The infection of the hair follicles is usually on the surface of the skin and the problems are not deep-rooted. The major types and causes include:
Bacterial folliculitis (Folliculitis barbae)
These are caused by bacterial infection of the hair follicles, especially by Staphylococcus aureus. The symptoms include itchy, white bumps filled with pus. Usually, the Staphylococcal bacterium lives on the human skin. Notably, staphylococcus can be found on the anterior nose, pubic area, armpit, or on other skin lesions like eczema, psoriasis, etc. But they cause problems when they penetrate into your body through an open wound or a cut. When the hair follicles in a man’s beard area are infected by bacteria, it is referred to as Barber’s itch. The infection usually results from shaving which leads to a broken skin. Sometimes, it occurs even when the hair is not shaved.
They are mostly found in adult men and teens. It is caused by a yeast infection, and its symptoms include chronic, red, itchy pustules which are mostly on the chest and back but can also be found on the shoulders, neck, face and upper arm.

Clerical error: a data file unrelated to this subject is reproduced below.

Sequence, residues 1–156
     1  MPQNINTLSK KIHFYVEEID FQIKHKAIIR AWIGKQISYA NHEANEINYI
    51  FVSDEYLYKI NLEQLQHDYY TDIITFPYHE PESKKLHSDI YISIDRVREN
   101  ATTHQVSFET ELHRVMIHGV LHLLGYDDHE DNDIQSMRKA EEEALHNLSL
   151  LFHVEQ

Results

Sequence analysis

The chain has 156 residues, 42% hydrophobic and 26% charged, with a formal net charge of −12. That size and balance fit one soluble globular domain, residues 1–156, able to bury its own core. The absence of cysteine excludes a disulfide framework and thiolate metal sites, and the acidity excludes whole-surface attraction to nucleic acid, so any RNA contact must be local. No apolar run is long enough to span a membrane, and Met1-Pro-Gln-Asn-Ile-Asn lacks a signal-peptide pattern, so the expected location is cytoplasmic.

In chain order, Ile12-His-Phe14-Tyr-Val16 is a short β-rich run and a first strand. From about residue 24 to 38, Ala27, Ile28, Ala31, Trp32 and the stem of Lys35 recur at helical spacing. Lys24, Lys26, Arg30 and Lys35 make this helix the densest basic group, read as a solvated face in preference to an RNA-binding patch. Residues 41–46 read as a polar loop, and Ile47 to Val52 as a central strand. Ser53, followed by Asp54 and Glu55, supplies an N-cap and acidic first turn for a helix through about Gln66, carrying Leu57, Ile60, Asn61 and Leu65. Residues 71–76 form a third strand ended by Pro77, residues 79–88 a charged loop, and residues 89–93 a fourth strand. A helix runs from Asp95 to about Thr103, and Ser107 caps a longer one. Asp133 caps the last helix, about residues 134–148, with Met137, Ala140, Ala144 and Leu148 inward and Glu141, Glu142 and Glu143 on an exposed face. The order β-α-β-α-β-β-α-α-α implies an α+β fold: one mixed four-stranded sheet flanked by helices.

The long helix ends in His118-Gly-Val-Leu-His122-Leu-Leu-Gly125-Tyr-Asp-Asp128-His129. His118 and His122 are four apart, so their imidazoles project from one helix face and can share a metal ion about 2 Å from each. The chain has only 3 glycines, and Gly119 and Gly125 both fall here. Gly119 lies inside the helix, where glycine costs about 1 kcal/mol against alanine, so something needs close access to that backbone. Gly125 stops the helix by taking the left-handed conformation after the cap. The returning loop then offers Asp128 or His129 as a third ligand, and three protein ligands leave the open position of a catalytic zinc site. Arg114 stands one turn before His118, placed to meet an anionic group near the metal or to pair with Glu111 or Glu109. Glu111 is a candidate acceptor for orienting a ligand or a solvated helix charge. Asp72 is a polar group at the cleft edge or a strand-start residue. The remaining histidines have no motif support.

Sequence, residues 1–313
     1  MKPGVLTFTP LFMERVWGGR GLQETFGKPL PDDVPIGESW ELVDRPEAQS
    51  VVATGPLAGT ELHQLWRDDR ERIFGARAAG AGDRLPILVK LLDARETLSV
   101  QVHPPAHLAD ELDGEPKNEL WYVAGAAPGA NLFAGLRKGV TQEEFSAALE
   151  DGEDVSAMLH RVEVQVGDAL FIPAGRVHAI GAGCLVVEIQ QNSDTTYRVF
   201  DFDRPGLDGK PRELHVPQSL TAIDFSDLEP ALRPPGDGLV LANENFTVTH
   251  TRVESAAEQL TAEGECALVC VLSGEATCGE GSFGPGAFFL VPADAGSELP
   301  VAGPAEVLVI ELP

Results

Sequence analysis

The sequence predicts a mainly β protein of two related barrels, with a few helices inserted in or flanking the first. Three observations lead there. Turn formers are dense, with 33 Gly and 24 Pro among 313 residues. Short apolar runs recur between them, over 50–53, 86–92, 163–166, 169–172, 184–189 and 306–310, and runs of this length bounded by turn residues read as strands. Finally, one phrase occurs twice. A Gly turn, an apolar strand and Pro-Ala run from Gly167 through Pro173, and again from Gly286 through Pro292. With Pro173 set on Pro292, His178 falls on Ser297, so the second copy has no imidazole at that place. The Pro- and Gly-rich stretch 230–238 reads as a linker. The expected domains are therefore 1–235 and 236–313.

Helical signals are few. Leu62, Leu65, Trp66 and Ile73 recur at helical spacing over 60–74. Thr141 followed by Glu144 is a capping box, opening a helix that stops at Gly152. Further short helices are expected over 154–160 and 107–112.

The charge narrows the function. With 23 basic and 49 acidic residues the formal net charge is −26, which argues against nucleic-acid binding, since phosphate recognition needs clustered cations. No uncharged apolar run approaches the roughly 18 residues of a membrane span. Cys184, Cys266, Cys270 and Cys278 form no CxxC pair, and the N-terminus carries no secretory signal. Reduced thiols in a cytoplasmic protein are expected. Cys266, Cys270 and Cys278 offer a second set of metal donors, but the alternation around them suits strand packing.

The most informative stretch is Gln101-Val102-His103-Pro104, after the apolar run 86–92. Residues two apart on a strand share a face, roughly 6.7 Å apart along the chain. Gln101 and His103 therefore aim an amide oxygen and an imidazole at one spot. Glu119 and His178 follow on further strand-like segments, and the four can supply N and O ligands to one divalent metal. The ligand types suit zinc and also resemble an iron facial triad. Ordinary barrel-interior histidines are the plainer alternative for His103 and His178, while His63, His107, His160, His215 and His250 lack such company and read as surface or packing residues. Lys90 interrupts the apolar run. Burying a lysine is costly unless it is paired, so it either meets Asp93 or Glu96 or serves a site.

Hot tub folliculitis (Pseudomonas folliculitis)
They result from pseudomonas infection (a form of bacterial infection). One can easily get in contact with these bacteria in several places like heated pools and hot tubs where the chlorine and the pH levels are poorly regulated. The symptoms of hot tub folliculitis include rash with red, round bumps that are usually itchy in nature. They develop one to four days after one has been exposed to the organism. The rash may later develop into pustules (small blisters filled with pus). The rashes are usually more on the areas where the skin got in direct contact with contaminated water – mostly the back of the thighs.
Razor bumps (Pseudofolliculitis barbae)
This is an inflammatory reaction due to ingrown facial hairs, which usually result from shaving. It is not limited to the face; it can as well occur in any part of the body where hair is shaved or plucked such as the pubic area, leg, and armpit. It can be referred to as razor bumps or shaving rash. It is possible for folliculitis barbae and pseudofolliculitis barbae to occur at the same time in an individual.